Tuesday, May 2, 2023

Q&A with Elizabeth Rau




Elizabeth Rau is the author of the new essay collection The Good Slope. A former newspaper reporter, she lives in Providence, Rhode Island.


Q: What inspired you to compile your essays into a book?


A: Not long ago, I was cleaning out a closet and came across boxes filled with copies of the 150 or so essays I had written over the years about my childhood in the Midwest, my years spent working as a newspaper reporter, and my plunge into motherhood in middle age.


As I reread my work, I realized that I had written a memoir in short essays and that many of those essays explored the same idea: the experience of home and how it’s created and longed for and missed. I thought that was a powerful theme that would resonate with readers of all ages and backgrounds. A book seemed like the next step.


Q: How was the book’s title chosen, and what does it signify for you?


A: The title comes from an essay I wrote about taking my son Peder sledding when he was 4 years old. We started off at our usual spot, a mound in a nearby park, but one look at the bump and he decided he had outgrown it. We went to another spot—this one packed with teenagers and too steep.


Finally, after a long search, we ended up at a less perilous hill, and made our way to the top. I looked away for a second, and when I turned around Peder was gone. He was sledding, alone, down a gentle slope—a good slope—in a toboggan twice his size. He reached a clearing and came to a stop in the thick part of the snow: “He was far away, and he was happy.”


The essay is about letting go; it’s about cherishing our moments of happiness, then having the courage to move on with grace—and gratitude. The memory sustains us.

Q: The essays cover many years of your life—do you think your writing style has remained consistent, or do you see some changes?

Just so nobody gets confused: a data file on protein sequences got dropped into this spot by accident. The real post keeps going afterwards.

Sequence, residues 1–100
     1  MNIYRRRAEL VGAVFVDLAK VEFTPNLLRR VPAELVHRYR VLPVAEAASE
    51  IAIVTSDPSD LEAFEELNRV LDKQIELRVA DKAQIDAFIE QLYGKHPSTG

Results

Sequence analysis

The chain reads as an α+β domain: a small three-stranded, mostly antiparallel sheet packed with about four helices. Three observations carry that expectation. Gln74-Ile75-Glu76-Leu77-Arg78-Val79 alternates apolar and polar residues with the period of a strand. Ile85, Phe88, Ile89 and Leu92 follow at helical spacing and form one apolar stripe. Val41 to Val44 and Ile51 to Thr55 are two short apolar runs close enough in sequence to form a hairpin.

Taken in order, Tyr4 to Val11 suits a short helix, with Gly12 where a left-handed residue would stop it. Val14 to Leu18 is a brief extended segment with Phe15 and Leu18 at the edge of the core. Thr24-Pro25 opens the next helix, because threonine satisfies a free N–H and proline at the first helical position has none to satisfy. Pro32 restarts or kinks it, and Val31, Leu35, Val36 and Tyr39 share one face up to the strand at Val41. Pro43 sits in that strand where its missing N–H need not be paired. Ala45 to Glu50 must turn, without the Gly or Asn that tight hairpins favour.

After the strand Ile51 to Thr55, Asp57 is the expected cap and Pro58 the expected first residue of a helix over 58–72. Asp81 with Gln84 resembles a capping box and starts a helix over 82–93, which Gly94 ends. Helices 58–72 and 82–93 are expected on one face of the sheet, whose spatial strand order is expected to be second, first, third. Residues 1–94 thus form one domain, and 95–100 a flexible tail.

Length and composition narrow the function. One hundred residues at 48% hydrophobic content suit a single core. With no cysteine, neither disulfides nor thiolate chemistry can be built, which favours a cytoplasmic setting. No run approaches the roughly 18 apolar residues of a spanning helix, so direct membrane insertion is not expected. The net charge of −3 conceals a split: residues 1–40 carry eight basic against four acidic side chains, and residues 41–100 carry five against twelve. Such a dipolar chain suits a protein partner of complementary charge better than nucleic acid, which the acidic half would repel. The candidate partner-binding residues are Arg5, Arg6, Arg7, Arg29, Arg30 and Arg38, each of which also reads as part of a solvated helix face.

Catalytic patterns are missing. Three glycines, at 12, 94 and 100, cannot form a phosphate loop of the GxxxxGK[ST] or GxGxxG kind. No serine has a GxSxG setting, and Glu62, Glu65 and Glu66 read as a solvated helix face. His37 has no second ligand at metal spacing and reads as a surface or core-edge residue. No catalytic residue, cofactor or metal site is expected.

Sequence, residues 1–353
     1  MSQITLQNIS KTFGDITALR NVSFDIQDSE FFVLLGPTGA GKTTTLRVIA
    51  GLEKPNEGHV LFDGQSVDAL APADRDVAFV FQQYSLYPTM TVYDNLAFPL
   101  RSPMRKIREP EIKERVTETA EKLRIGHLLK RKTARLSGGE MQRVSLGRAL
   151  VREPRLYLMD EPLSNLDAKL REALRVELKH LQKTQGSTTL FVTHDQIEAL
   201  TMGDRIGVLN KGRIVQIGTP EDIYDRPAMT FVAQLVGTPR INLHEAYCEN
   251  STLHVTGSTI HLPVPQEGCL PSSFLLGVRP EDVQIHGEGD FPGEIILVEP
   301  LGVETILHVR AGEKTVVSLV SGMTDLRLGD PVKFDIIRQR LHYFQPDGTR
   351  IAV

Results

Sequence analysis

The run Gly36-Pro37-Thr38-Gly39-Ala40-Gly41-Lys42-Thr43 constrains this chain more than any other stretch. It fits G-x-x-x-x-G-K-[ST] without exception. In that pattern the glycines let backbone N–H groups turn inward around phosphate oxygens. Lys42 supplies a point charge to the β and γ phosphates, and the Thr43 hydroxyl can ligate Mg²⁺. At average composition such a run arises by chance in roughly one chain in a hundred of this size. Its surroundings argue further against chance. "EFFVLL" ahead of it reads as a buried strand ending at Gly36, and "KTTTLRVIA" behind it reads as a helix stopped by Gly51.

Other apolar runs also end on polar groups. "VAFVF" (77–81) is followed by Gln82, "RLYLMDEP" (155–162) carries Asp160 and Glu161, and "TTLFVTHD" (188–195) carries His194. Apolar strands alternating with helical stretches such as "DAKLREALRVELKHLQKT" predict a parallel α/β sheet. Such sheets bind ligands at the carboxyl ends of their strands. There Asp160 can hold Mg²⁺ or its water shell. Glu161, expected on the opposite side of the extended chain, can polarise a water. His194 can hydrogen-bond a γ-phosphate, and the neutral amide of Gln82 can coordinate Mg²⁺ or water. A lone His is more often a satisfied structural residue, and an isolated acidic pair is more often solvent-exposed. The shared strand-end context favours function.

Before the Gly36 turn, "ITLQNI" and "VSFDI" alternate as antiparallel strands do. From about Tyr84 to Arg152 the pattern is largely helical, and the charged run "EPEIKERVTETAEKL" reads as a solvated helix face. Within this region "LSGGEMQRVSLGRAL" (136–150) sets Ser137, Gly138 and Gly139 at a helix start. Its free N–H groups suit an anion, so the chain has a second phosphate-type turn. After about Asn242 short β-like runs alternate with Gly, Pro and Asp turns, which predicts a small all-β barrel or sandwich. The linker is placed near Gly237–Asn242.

A: My early essays were often tough for me to write. I was a young newspaper reporter trying to teach myself how to write a beautiful sentence. I labored over every word, and the writing suffered: some passages now seem forced.


When I started writing essays again after a break—this time, mostly about my family, my neighborhood, and my childhood—I felt more confident, and it helped that I had been exercising my writing muscle for years as a newspaper reporter. The words flowed easily, and the finished pieces were more fluid than my early essays. It also helped that I enjoyed what I was writing about: my family and my neighborhood.


Q: What do you hope readers take away from the book?


A: I hope readers recognize their lives in my life, especially my time as a parent. The years spent raising my two sons—now young men—were some of the happiest of my life. Readers might also appreciate that I write about the small aspects of life and transform them into stories that try to subtly explore larger questions—the transitory nature of life, for one.


One of my favorite essays in the book is about a boy named Yousef sitting on a playground making butterflies and other shadow puppets with his fingers. It’s an essay about a child’s sense of wonder, and how we can overlook that as adults.


I also hope my essays inspire a laugh or two. Humor is good! The essay “Purple Toes” is about my first pedicure—a disaster. I hated the feeling of nail polish on my body. I felt like I was suffocating. I immediately bought nail polish remover and wiped off the stuff.


Q: What are you working on now?


A: More essays. I’m taking a memoir writing class with a focus on the personal essay. The writers in the group are kind, supportive, and encouraging. We can write about whatever we want, and I like that. My passion for swimming might make a good topic or my fondness for black leggings—simple, reliable, warm.


Q: Anything else we need to know?


A: I rise at 5 a.m. every day to write. That’s a perfect time. The house is still, it’s dark outside, and the glare from my laptop is the only light inside. My cocoon serves me well.


--Interview with Deborah Kalb

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